The Organization of African Instituted Churches supports made-in-Kenya solutions to challenges.

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Photo of Ven. John Gichumu with community leaders in Kapenguria, Kenya
Ven. John Gichimu, staff leader in OAIC, with community leaders in Kapenguria, Kenya
Credit: The United Church of Canada
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In January 2019 I had the privilege of spending two weeks in Kenya through the Pilgrims in Mission Program of The United Church of Canada. The visit, organized by Mission & Service partner Asian Rural Institute (ARI), was primarily an opportunity to meet Kenyan graduates of the ARI community development internship. While there I was also able to meet with other Mission & Service partners in Kenya, including the Organization of African Instituted Churches (OAIC).

Founded in 1987, the OAIC is a pan-African organization that brings together African churches incorporating indigenous forms of worship, theology, and social organization, all deeply inspired by a vision that is both Christian and African. As followers of Jesus Christ, OAIC is called to respond with conviction to the challenges faced by African cultural and social systems, such as entrenched poverty and ill health, and to help people organize themselves to confront these obstacle based on the values and resourcefulness of African grassroots communities.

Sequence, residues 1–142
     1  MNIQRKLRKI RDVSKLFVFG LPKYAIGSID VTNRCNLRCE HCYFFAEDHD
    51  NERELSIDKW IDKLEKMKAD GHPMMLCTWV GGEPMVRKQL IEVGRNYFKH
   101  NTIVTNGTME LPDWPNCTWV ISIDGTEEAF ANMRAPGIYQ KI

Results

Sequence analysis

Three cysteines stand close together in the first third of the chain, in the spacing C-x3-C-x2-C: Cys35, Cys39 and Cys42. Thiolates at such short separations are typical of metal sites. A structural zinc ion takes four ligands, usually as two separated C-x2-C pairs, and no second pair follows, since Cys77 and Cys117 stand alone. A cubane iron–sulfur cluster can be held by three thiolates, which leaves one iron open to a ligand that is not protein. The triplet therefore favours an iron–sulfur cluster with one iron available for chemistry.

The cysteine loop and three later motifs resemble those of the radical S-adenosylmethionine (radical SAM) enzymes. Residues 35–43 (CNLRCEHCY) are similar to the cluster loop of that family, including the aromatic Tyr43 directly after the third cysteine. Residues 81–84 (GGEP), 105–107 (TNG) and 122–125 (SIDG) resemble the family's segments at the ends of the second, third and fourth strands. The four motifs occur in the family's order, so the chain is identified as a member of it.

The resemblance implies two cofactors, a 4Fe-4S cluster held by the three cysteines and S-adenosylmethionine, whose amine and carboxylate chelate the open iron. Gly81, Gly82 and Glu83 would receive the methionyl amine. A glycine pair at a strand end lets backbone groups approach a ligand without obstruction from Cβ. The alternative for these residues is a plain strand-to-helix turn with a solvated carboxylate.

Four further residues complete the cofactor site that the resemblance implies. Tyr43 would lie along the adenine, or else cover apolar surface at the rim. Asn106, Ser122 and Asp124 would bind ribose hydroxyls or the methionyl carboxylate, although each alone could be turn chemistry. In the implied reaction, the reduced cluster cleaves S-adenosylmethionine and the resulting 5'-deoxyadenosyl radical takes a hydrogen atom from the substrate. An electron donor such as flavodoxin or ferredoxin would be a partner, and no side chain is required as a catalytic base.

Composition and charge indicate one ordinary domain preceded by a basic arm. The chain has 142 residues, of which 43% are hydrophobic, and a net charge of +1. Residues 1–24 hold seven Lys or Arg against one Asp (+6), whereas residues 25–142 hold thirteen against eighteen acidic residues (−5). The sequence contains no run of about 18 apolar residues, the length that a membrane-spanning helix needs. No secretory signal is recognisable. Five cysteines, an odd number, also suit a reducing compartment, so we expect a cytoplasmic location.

Rooted in the philosophy of ubuntu—a recognition that we are all bound together and we succeed when we care for all those around us—OAIC maintains that spirituality is a matter of daily life, encouraging pastors to attend to everyday issues with the hope of a better future where there is an abundant life for all.

Some of the important issues OAIC is working to address include

  • community health
  • deforestation
  • alternative cooking methods that are environmentally sustainable and healthier (traditional cooking methods use charcoal)
  • high infant and child mortality rates
  • how women can be empowered to become leaders in their communities
  • understanding the role of churches in preventing and treating HIV and AIDS

Kenya is a country looking for ways to feed, educate, and provide health care for its people. Members of the Organization of African Instituted Churches, and others that I met in Kenya, are part of a made-in-Kenya solution to these challenges.

Gary MacDonald is an active member of Sackville United Church and community, including being a Sunday school teacher, choir member, and food bank volunteer, and is interested in the art of storytelling. Gary is one of a number of people available to share their stories of the global church with United Church of Canada communmities of faith. See our list of available speakers.

Does this blog pique your interest to participate in people-to-people opportunities with global partners? We invite you to find out more at the People in Partnership webpage or by emailing us.

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